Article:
The narrative shorts allow us to step back in time — creating a visceral experience of the sparse living quarters and barren desert, capturing the camaraderie and fractures that develop, and drawing us into the emotions of the characters. It is encouraging to see younger filmmakers remain connected to the stories of their ancestors.
“Cherry Blossom” (2019, 3 min.) by Sam Pablo. The Anaheim High School Dance Production Class and Director Oscar Gonzalez presented this dance piece in honor of their fellow classmates from Anaheim High School forcibly incarcerated in 1942.
“Yamashita” (2013, 11 min.) by Hayley Foster. A young Japanese American girl struggles with discovering her identity, heritage, and the loss of her connection to her past in this animated short.
“Warning Shot: The Killing of James Wakasa” (2015, 13 min.) by Tina Takemoto. One death. Three versions of the crime. James Wakasa, a 63-year-old Japanese American bachelor, was shot to death by military police at Topaz incarceration camp during WWII. Was it justifiable homicide, an accidental fatality, or second-degree murder?
“A Song for Manzanar” (2015, 18 min.) by Kazuko Golden. A bond between two sisters, one in Manzanar and another in Hiroshima. The closeness of the sisters is shown in glimpses of childhood experiences, a conversation as young women, and the dogged effort of the older sister to get a letter out of the camp to her sister in Hiroshima.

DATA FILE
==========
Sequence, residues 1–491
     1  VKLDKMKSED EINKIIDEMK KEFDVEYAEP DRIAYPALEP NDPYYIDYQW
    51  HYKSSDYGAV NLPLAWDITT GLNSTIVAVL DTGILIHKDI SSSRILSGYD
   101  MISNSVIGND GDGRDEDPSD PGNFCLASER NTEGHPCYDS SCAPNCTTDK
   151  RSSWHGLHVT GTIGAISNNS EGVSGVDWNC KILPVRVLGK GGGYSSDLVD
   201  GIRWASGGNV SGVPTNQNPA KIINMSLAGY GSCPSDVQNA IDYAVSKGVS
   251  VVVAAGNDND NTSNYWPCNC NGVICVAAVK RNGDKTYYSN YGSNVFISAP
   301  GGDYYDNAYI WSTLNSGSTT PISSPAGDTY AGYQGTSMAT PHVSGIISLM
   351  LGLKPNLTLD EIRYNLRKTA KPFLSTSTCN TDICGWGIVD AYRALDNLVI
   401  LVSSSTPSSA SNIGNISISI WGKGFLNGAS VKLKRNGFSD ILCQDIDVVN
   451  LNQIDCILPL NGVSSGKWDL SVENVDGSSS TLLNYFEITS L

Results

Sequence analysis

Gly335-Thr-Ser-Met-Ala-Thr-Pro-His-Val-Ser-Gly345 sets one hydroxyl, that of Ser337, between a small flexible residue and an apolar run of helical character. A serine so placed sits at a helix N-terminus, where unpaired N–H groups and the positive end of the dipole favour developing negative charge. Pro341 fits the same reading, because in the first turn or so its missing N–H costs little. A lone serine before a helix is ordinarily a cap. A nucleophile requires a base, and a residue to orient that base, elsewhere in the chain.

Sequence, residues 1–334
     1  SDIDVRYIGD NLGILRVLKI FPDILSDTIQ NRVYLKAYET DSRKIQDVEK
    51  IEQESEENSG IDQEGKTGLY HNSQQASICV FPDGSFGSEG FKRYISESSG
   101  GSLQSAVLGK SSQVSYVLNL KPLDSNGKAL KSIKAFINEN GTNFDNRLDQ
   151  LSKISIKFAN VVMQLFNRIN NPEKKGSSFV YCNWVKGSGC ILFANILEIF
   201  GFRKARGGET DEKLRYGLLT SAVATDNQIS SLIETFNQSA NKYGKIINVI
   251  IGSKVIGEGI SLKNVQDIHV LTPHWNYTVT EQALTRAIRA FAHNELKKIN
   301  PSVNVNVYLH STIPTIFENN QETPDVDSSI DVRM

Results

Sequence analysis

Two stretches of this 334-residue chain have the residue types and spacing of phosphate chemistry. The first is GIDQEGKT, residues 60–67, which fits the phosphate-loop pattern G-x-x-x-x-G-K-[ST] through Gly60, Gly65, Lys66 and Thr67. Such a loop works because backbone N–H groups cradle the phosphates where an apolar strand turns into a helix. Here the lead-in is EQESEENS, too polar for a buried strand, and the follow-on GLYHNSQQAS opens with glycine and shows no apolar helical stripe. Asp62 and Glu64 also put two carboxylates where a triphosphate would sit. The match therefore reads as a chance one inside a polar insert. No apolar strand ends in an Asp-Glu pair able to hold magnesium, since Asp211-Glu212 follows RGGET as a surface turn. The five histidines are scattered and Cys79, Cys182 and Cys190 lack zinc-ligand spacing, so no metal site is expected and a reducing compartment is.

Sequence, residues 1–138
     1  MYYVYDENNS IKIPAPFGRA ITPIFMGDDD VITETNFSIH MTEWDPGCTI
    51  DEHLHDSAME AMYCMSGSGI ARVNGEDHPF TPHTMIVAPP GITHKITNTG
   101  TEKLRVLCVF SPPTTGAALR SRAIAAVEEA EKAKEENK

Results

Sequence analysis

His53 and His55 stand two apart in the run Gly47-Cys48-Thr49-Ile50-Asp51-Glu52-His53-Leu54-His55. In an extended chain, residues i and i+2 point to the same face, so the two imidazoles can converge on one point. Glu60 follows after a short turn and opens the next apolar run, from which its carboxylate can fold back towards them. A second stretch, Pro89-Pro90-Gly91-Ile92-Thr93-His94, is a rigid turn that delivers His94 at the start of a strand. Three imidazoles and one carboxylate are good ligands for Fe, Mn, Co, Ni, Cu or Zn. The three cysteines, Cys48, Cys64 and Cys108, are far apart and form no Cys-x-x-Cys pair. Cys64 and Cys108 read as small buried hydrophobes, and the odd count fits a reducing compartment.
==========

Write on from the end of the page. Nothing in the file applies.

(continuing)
“Henry’s Glasses” (2010, 20 min.) by Brendan Uegama. Set in a Japanese Canadian incarceration camp, a young boy must use the power of his imagination to escape reality and help a new elderly friend. Even to the old and obdurate Mr. Yamamoto, this gift may hold the power to make a skeptic believe.
“The Orange Story” (2016, 18 min.) by Erika Street Hopman. An elderly Japanese American shopkeeper must sell all his belongings and report to a temporary detention center during WWII, from where he will be forcibly removed to an undisclosed location.
“American” (2018, 18 min.) by Richie Adams. A veteran who works as a volunteer at the Japanese American National Museum encounters a mother and her young daughter, triggering events that happened in his past, including his time as a young man in a Japanese American concentration camp and later serving with the 442nd Regimental Combat Team during WWII. Starring George Takei.
“Tadaima” (2015, 15 min.) by Robin D’Oench. George, Akiko, Kaori, and Kazuo return to their former house in the summer of 1945, following the end of WWII and the closure of the Japanese American concentration camps. Arriving home, they find the house ransacked by vandals and in a state of disrepair. Emotions flair and each individual member of the family react differently to the homecoming. As the day draws to a close, there is a glimmer of hope that the future holds better days.